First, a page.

Samsung Electronics has set the latest speed record for 5G, the emerging successor to LTE, which promises to smash today's mobile broadband speeds.
5G networks are still at least five years away from commercial deployment and its standard is still being hashed out, but in the meantime, the world can enjoy new '5G' speed records set every few months by network vendors.
The latest comes from Samsung, which this week claimed it topped 7.5Gbps while stationary on a 5G network as well as 1.2Gbps while in a vehicle travelling at more than 100kmph.
Samsung conducted its tests over a 28GHz 5G network, which, as it notes, is a higher frequency that offers speed but suffers from a short communications range. The test shows off Samsung's "hybrid adaptive array technology" to overcome the range constraints of higher frequency bands. Last year Samsung achieved 1Gbps on the same band.
Swedish network vendor Ericsson claimed a 5G speed record this July of 5Gbps in the 15GHz frequency band, which in its case showed off its advanced Multiple-Input Multiple-Output (MIMO) technology. The company will be running 5G trials with Japan's NTT Docomo and South Korea's SK Telecom.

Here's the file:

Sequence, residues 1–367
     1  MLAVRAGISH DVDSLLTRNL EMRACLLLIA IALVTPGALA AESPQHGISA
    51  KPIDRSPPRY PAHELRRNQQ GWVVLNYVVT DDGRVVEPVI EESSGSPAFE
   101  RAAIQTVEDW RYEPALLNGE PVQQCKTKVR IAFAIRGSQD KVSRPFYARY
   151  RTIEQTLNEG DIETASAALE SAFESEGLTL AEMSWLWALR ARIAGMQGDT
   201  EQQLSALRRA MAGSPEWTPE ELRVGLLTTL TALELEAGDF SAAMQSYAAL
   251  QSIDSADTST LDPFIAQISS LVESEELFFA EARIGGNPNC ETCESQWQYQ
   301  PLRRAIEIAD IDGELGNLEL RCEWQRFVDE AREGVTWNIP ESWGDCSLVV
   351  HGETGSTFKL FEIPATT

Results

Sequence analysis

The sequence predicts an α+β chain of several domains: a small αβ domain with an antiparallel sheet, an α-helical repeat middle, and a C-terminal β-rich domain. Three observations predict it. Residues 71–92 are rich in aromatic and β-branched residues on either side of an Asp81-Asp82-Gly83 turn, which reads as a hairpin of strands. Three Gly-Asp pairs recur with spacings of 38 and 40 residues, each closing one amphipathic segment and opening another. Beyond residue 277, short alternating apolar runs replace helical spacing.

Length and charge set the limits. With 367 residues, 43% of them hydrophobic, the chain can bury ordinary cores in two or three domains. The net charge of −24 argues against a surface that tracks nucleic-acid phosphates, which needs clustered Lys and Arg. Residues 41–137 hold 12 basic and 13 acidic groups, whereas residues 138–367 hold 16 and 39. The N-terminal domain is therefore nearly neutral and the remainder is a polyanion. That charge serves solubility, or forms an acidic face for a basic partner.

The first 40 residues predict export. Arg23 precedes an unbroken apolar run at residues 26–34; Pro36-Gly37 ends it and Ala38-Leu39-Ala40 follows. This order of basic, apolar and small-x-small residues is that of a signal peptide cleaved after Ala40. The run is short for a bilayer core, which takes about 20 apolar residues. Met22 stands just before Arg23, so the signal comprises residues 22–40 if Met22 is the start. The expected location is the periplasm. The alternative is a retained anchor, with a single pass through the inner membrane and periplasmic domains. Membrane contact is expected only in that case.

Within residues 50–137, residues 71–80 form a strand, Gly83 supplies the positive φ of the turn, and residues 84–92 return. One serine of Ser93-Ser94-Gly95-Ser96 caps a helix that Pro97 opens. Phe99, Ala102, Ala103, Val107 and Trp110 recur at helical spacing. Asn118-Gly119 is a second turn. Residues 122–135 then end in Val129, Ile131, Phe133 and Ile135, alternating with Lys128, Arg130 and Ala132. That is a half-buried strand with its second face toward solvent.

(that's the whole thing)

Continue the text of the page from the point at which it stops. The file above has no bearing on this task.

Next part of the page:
While 5G is yet to become a standard, the technologies that will eventually make it are being developed for the day when mobile data traffic has pushed LTE networks to their limit. Ericsson expects mobile data to increase ten-fold between 2013 and 2019 as LTE phone subscriptions become the norm and other devices come online.
Samsung's 5G record follows yesterday's announcement by Chinese networking giant Huawei that it would launch "4.5G", which it claims will be commercialised by 2016 and offers peak speeds of around 6Gbps and supports 100,000 connections over one square kilometre. The company is also pouring $600m into 5G research and along with Samsung, Telefonica and BT, is helping fund the UK's '5G Innovation Centre' at the University of Surrey. The £35m centre was announced last year, and is due to be up and running by 2015, when it will house more than 250 researchers and students.
Meanwhile Nokia is looking to launch a 5G test site in Oulu, Finland, where it's hoping to build on its existing developments in LTE and LTE-Advanced.
The European Union in December set aside 'up to €700m' in public funding to support 5G research ahead of 2020 and ensure Europe isn't left out of new developments. More recently, the EU struck a partnership between its own 5G PPP and South Korea’s 5G Forum in an effort to influence the standard.
South Korea in particular has been at the forefront of mobile broadband, having committed about $1.5bn to ensure local telcos build 5G networks by 2020.
Read more on Samsung